means generally an appointed time: thus in Aeschin. c. Tim.
§ 39, εἴ τις ἄλλη πώποτε τοιαύτη
the scholiast explains the term καταχρηστικῶς ἀντὶ τοῦ χρόνου.
The term is
specially applied (1) to the time which was allowed by law to a defendant
for paying damages, after the expiration of which, if he had not paid them,
he was called ὑπερήμερος
(Harpocr. s. v.;
Suid. s.v. or ἐκπρόθεσμος,
Schol. Dem. c. Mid.
p. 540, 22); the accuser might allow the defendant a longer time than the
law fixed (ἀναβάλλεσθαι τὴν
[Dem.] c. Everg.
p. 1154.49 f.,
(2) Prothesmia denotes the term limited for bringing actions and prosecutions
at Athens. In all systems of jurisprudence some limitation of this sort has
been prescribed for the sake of securing possession, and preventing
vexatious litigation (cf. Isocr. Archid.
τὰς κτήσεις καὶ τὰς ἰδίας καὶ τὰς κοινάς,
ἄν ἐπιγένηται πολὺς χρόνος, κυρίας καὶ πατρῴας ἅπαντες
). The Athenian τῆς
corresponds to our Statute of Limitations.
The time for commencing actions to recover debts,1
or litigation with guardians, appears to have been limited to five
years at Athens (Dem. pro Phorm.
p. 952.26 f., in a δίκη ἀφορμῆς
989.17 f.; p. 993.27; cf. Plat. Legg.
xi. p. 928 C, μέχρι πέντε ἐτῶν ἐξηκούσης τῆς ἐπιτροπῆς ἔστω
δίκην λαχεῖν ἐπιτροπίας
). Inheritance causes stood on a
peculiar footing. When an estate had been adjudged to a party, he was still
liable to an action at the suit of a new claimant for the whole period of
his life (Isae. Dicaeog.
§ § 7, 35, etc.)
and his heir for five years afterwards (Isae. Pyrrh.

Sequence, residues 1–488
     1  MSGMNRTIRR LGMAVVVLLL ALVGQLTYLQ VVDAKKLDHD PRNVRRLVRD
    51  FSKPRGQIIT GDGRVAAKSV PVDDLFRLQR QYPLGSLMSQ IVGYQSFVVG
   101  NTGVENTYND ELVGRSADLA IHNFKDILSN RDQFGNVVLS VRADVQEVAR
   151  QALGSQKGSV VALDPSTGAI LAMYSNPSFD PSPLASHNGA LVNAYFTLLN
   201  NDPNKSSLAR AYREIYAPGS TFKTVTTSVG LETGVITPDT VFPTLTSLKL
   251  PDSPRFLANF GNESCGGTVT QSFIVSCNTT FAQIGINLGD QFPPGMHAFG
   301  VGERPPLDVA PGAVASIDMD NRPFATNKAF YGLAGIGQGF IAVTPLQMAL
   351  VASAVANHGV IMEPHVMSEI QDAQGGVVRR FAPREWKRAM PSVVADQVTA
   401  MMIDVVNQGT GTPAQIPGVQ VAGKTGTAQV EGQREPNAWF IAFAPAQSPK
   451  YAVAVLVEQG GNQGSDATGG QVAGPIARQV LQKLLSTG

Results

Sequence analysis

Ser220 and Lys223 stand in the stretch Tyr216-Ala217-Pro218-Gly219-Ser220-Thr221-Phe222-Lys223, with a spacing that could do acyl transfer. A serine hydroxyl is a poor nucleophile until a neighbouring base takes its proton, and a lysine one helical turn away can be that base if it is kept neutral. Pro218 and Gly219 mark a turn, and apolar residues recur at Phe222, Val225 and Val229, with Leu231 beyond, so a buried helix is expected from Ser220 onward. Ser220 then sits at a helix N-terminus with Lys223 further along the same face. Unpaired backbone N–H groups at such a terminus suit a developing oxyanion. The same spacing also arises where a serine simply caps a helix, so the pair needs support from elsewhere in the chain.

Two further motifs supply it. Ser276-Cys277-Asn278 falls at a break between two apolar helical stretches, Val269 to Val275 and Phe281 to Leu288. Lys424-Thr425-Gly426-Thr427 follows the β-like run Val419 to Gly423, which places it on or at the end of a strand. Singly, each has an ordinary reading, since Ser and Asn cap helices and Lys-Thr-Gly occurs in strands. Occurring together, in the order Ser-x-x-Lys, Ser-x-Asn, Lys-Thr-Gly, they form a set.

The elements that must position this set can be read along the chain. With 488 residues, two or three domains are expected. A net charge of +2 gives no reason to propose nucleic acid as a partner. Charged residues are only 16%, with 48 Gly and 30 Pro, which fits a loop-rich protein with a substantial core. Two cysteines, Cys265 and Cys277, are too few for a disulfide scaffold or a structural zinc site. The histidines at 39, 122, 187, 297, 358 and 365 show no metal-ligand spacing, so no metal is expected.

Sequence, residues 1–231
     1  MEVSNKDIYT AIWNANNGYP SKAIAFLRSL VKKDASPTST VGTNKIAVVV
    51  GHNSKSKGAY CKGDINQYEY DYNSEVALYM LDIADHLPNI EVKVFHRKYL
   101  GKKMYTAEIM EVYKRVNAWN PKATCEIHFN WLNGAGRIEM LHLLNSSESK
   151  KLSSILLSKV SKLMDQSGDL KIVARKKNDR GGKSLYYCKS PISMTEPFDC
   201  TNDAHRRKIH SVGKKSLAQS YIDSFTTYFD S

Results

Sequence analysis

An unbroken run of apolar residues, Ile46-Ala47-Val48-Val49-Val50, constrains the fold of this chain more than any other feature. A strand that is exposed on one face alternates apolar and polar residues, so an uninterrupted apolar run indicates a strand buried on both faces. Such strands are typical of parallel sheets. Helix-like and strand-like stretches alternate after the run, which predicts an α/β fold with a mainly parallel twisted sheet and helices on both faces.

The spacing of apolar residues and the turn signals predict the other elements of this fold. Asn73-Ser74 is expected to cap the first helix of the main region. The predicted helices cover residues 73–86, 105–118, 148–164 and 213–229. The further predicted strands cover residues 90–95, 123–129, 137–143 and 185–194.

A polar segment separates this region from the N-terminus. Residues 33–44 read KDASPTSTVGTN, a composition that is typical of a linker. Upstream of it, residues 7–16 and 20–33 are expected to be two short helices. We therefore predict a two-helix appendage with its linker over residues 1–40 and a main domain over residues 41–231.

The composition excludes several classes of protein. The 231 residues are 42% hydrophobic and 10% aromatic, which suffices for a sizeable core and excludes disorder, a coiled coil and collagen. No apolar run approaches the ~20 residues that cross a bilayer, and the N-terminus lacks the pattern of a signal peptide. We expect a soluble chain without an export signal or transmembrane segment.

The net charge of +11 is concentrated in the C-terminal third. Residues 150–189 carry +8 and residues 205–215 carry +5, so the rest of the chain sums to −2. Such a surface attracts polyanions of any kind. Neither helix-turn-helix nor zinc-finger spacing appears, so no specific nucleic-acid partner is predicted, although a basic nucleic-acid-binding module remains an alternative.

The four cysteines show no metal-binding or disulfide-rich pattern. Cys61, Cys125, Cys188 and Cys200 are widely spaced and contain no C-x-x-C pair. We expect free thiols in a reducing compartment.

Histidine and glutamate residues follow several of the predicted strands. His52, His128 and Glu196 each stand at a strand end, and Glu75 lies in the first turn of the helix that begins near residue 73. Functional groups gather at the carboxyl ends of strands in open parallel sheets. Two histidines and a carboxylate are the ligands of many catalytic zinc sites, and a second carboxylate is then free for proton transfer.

§ 58, and Schömann ad l.c.
and p. 432; cf. Dem. c. Macart.
p. 1055.16, lex
). We do not know the limit of time for claiming
who had been already adjudged
by the archon, but Caillemer's suggestion is very probable that she could
not be claimed after having given birth to a son (Le Droit de
p. 42). The liability of bail continued only
for a year, according to Dem. c. Apatur
p. 901.27 (τὰς ἐγγύας ἐπετείους εῖναι
etc. p. 18 ff.) limits this law to
commercial transactions, and Thalheim (Rechtsaltert.
n. 2) quotes C. I. A.
ii. No. 565, 1. 3, No. 1056, No. 1058,
50.20, to show that the liability of sureties for leases continued
It is doubtful whether any period was prescribed for bringing
at least for offences of the more serious kind, though of course
there would be an indisposition in the jury to convict, if a long time had
elapsed since the offence was committed. A charge of wounding with intent
was brought four years after the affair (Lys. c. Sim.
§ § 19, 39); Lycurgus proceeded against Leocrates nearly
eight years after the latter's flight; we know from Lys. pro Sacra Olea,
§ 17, that there was no fixed time
after which the liability of one who had uprooted a moria ceased, but on the
other hand Lipsius concludes from Dem. c. Aristocr.
646.80, that there was a limit of time in a γραφὴ
The γραφὴ παρανόμων
could only be brought against the proposer of a law or psephisma within a
year after the propounding of it (Dem. c. Lept.
p. 453); and the εὔθυναι
against magistrates were limited to a certain
period (Pollux, 8.45), viz. thirty days according to Boeckh,
i.3 p. 242. (Att.
ed. Lipsius, p. 963 ff., p. 838 ff.)